Poll: After Netanyahu wins Likud primary vote, Right and Left tied at 56 seats each

Netanyahu and Gantz in effective dead-heat in head-to-head match-up, with Knesset evenly divided between right-wing and left-wing blocs.

David Rosenberg,

Netanyahu
Netanyahu
Flash 90

New elections for the Israeli Knesset would leave the legislature evenly divided between the right-wing – religious bloc and the left-wing – Arab bloc, a new poll shows.

According to the poll, which was conducted by the Midgam agency for Channel 12, if new elections were held today, the right-wing – haredi bloc would win 56 seats if new elections were held today – one more than it won in September.

The left-wing – Arab bloc would also win 56 seats if new elections were held today, one less than in the September election.

Yisrael Beytenu, the secular rightist party which has called for a national unity government of the Likud and the center-left Blue and White party, would remain stable at eight seats, the poll showed.

The poll was conducted after Prime Minister Binyamin Netanyahu defeated challenger MK Gideon Sa’ar in last Thursday’s Likud leadership race, retaining control of the party.

Under Netanyahu, the Likud is projected to win 32 seats, the same number it won in September.

The Blue and White party would gain one seat, rising from 33 to 34 seats.

The Joint List, an alliance of four anti-Zionist Arab factions, would retain its 13 seats, while the far-left Democratic Union and the Labor-Gesher alliance would each lose a single seat, falling to four and five seats respectively.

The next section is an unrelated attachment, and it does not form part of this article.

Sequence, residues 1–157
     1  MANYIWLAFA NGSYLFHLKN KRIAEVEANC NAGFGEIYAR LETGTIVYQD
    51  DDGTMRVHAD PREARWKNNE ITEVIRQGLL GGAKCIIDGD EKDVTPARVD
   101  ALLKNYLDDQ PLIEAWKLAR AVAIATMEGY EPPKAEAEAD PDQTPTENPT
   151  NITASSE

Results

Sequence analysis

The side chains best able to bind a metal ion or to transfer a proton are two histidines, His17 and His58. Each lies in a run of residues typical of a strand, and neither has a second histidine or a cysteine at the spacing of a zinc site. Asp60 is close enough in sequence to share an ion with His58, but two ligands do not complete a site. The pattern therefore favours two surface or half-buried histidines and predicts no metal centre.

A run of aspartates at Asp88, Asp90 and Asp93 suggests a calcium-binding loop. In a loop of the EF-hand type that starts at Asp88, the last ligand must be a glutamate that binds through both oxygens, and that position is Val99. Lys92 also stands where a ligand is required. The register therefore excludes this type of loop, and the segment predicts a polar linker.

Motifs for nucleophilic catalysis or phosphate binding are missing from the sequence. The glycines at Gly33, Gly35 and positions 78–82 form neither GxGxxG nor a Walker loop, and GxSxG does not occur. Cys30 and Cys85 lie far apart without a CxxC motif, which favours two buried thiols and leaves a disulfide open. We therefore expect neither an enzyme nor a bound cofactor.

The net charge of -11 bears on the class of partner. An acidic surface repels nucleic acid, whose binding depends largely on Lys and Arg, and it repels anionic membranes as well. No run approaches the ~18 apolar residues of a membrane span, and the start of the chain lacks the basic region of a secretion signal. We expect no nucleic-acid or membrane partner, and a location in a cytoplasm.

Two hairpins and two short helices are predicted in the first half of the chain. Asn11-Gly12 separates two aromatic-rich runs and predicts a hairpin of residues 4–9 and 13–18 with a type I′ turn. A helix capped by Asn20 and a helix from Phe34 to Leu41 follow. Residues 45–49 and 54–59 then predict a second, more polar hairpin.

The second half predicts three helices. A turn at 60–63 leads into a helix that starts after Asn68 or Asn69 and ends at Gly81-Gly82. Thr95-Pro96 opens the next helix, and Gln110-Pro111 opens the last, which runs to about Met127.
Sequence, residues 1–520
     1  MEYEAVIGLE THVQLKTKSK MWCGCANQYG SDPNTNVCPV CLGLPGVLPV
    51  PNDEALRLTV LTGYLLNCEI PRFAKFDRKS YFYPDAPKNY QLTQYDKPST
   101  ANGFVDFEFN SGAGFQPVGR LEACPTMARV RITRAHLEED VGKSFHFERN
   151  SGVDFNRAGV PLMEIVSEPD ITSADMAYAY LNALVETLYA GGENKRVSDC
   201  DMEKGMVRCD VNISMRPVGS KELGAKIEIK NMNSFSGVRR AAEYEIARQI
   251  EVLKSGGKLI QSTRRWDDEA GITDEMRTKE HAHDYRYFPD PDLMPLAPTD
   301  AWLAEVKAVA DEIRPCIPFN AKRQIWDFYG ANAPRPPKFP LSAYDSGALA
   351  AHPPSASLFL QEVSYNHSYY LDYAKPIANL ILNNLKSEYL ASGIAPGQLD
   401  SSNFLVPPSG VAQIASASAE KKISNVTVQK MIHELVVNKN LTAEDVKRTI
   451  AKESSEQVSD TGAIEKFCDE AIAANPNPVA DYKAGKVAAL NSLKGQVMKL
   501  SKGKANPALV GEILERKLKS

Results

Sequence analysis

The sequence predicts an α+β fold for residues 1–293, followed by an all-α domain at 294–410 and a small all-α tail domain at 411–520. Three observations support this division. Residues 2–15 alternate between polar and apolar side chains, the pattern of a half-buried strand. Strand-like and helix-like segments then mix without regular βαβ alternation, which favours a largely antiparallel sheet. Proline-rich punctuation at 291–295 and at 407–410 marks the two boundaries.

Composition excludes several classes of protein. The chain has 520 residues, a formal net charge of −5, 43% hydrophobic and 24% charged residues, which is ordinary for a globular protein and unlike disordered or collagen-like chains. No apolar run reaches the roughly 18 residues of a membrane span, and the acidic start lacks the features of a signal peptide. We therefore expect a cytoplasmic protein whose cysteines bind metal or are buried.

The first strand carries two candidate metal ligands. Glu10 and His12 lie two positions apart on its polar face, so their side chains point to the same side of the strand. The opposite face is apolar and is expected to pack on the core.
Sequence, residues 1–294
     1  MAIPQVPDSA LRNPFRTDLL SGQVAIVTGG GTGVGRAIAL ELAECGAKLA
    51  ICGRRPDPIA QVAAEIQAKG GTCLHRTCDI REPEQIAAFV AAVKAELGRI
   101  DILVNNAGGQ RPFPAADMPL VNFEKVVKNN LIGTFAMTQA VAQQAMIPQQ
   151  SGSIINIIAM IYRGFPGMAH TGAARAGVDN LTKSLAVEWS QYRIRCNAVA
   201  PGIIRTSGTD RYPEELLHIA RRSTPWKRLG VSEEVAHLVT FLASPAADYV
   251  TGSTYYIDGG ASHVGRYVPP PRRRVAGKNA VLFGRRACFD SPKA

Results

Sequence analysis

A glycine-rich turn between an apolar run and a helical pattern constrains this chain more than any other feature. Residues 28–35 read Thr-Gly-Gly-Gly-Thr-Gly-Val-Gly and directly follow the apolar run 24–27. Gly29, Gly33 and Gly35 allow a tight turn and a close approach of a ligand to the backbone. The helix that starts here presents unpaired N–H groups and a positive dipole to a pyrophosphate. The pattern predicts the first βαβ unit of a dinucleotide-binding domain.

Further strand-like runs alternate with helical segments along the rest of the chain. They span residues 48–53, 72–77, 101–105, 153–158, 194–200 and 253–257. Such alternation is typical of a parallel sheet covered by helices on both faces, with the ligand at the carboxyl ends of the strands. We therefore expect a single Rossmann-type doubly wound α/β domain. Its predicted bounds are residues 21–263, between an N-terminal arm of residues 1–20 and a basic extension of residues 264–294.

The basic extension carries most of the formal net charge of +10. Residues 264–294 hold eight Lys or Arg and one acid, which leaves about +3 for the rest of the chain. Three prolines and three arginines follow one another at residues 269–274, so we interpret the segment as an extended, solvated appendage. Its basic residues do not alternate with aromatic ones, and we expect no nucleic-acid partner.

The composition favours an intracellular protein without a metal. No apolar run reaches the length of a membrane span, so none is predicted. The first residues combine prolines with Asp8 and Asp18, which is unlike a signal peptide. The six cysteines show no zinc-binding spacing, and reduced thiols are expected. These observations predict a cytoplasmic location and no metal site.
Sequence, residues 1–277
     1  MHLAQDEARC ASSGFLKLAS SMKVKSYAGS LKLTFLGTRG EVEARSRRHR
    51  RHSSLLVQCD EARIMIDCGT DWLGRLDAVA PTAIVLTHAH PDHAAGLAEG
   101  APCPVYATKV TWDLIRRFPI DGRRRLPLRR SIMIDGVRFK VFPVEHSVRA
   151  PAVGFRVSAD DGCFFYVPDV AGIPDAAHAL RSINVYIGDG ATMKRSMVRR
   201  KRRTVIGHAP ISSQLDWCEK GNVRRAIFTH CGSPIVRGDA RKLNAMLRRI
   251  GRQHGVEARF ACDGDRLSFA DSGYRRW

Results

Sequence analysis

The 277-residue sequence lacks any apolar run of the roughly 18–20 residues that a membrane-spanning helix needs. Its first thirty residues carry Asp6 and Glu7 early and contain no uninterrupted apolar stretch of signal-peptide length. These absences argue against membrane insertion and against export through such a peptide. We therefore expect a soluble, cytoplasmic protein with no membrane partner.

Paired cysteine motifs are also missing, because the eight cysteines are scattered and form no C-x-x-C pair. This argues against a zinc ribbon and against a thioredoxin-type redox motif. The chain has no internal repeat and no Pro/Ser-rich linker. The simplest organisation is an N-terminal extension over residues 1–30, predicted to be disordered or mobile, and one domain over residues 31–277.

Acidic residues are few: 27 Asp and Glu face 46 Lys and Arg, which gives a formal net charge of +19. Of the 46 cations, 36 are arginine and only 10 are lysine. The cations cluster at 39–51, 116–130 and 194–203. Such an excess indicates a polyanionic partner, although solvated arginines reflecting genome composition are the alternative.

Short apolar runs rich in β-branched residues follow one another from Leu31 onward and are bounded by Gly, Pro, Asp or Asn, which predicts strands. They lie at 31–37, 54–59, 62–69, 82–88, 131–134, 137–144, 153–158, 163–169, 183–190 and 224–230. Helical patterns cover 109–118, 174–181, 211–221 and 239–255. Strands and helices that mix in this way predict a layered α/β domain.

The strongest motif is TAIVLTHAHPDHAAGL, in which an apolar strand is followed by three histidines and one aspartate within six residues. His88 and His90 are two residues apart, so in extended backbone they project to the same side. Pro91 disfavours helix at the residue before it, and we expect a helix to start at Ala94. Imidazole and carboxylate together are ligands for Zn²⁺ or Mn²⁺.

The haredi Shas party would fall from nine seats to eight, while the United Torah Judaism party would hold steady at seven seats.

On the Right, the New Right party of Naftali Bennett and Ayelet Shaked would win five seats, up from three, while the United Right alliance of the Jewish Home and Otzma Yehudit would win four seats.

The Jewish Home and National Union won four seats in September. Otzma Yehudit ran alone, receiving 84,000 votes, far short of the minimum threshold.

Recently, Jewish Home chief Rafi Peretz signed a deal with Otzma Yehudit leader Itamar Ben-Gvir for a joint run. The National Union has yet to join the joint list.

The poll also showed voters effectively evenly divided on who the would prefer as prime minister, with Netanyahu receiving the backing of 40% of respondents, compared to 38% for Benny Gantz.




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